2024 CMS Summer Meeting

Saskatchewan, May 30 - June 3, 2024

Inverse Eigenvalue Problems and Matrix Theory
Org: Shaun Fallat and Himanshu Gupta (University of Regina)
[PDF]

SHAUN FALLAT
Bordering Matrices and the Inverse Eigenvalue Problem for Graphs  [PDF]

An important parameter tied to the inverse eigenvalue problem for graphs is the fewest number of distinct eigenvalues that can be realized by a given graph. To this end we concentrate on bordering a symmetric matrix associated with a given graph and endeavor to control the variation in the number of distinct eigenvalues under this operation. We examine numerous results on the study of the minimum number of distinct eigenvalues as vertices are joined to certain classes of graphs.

CHUN-HUA GUO, University of Regina
On absolute value equations associated with M-matrices  [PDF]

We consider the absolute value equation (AVE) $Ax-|x|=b$, where $A$ is an $n\times n$ matrix such that $A-I$ is a nonsingular $M$-matrix or an irreducible singular $M$-matrix. We show that the generalized Newton method (GNM) terminates with the exact unique solution in at most $n+2$ iterations when $A-I$ is a nonsingular $M$-matrix and in at most $n+1$ iterations when $A-I$ is an irreducible singular $M$-matrix and the AVE has a unique solution. When $A-I$ is an irreducible singular $M$-matrix, the AVE may have infinitely many solutions. In this case, we show that GNM always terminates (in at most $n+1$ iterations) with a uniquely identifiable solution, as long as the initial guess has at least one nonpositive component. The GNM requires $O(n^3)$ operations each iteration. Linear convergence of a generalized Gauss-Seidel iteration (GGS), which requires $O(n^2)$ operations each iteration, is known when $A-I$ is a nonsingular $M$-matrix. We show that GGS is still linearly convergent when $A-I$ is an irreducible singular $M$-matrix and the AVE has a unique solution.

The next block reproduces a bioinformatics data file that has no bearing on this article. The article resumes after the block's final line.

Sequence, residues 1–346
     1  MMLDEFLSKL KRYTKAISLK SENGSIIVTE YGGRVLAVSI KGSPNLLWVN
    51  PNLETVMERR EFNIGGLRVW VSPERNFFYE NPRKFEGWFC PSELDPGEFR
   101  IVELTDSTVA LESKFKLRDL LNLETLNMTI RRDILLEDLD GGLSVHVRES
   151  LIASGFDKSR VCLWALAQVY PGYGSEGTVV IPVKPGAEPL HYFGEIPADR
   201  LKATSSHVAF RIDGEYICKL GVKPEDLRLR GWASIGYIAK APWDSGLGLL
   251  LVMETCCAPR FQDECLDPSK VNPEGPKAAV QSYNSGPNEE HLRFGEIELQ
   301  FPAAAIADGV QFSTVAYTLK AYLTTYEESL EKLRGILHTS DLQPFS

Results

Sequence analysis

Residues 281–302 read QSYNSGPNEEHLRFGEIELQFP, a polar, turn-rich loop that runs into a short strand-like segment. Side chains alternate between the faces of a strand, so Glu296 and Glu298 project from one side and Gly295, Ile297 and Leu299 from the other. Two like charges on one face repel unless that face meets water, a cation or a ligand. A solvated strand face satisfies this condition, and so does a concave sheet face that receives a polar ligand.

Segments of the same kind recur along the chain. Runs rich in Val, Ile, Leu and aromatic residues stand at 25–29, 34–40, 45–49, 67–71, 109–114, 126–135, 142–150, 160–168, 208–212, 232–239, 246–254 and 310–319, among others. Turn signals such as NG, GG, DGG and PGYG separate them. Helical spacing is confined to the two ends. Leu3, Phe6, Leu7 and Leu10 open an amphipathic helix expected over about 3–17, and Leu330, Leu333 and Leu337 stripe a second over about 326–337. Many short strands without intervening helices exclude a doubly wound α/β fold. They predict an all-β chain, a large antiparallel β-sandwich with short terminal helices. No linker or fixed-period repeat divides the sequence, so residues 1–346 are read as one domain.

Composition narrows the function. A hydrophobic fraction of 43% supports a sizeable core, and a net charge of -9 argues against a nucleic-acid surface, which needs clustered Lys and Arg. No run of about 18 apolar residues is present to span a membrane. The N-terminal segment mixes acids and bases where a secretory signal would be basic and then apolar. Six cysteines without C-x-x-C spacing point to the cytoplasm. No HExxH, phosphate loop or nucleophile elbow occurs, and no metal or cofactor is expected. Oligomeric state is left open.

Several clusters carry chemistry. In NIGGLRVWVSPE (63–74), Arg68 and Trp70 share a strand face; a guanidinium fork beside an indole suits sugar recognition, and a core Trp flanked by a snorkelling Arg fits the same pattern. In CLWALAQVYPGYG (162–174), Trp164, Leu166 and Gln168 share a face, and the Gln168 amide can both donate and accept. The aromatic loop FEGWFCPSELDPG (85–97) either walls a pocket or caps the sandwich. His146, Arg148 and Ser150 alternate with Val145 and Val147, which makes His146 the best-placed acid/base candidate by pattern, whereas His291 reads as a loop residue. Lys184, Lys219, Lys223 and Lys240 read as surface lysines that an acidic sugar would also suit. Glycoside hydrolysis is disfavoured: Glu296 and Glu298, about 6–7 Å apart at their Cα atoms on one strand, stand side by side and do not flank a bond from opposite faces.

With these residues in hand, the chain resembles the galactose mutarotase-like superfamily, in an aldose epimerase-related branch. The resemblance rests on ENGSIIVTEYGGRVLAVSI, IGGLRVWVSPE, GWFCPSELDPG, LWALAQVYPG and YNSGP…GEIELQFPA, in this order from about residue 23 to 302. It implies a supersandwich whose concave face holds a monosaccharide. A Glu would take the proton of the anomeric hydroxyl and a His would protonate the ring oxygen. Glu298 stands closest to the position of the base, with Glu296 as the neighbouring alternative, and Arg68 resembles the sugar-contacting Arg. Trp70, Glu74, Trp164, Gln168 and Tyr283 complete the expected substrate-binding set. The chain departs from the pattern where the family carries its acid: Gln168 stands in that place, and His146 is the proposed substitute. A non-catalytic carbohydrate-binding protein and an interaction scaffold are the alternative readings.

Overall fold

HIMANSHU GUPTA, University of Regina
Matrix positivity preservers over finite fields  [PDF]

We resolve an algebraic version of Schoenberg's celebrated theorem characterizing the functions $f$ with the property that the matrix $(f(a_{ij}))$ is positive definite for any positive definite matrix $(a_{ij})$. Compared to the classical real and complex settings, we consider matrices with entries in a finite field. Here, we say that such a matrix is positive definite if all its leading principal minors are non-zero quadratic residues. We obtain a complete characterization of entrywise positivity preservers in that setting for matrices of a fixed dimension. When the dimension of the matrices is at least 3, we prove that, surprisingly, the positivity preservers are precisely the positive multiples of the field's automorphisms. We also provide a new connection between entrywise positivity preservers and automorphisms of Paley graphs. This is joint work with Dominique Guillot (University of Delaware) and Prateek Kumar Vishwakarma (Indian Institute of Science). The talk is based on the paper: https://arxiv.org/abs/2404.00222.

NATHAN JOHNSTON, Mount Allison University
The Inverse Eigenvalue Problem for Entanglement Witnesses  [PDF]

In quantum information theory, a linear operator that can detect entanglement in a quantum system is called an entanglement witnesses. We consider the inverse eigenvalue problem for entanglement witnesses, which asks for a characterization of their possible spectra. Equivalently, we consider the problem of classifying the spectra that can result from applying a positive linear map to a single tensor factor of a positive semidefinite matrix. We completely solve this problem in some low dimensions and we derive a large family of new necessary conditions on the spectra in arbitrary dimensions.

AVLEEN KAUR, The University of British Columbia
Estimating the minimum positive eigenvalue of PSD matrices  [PDF]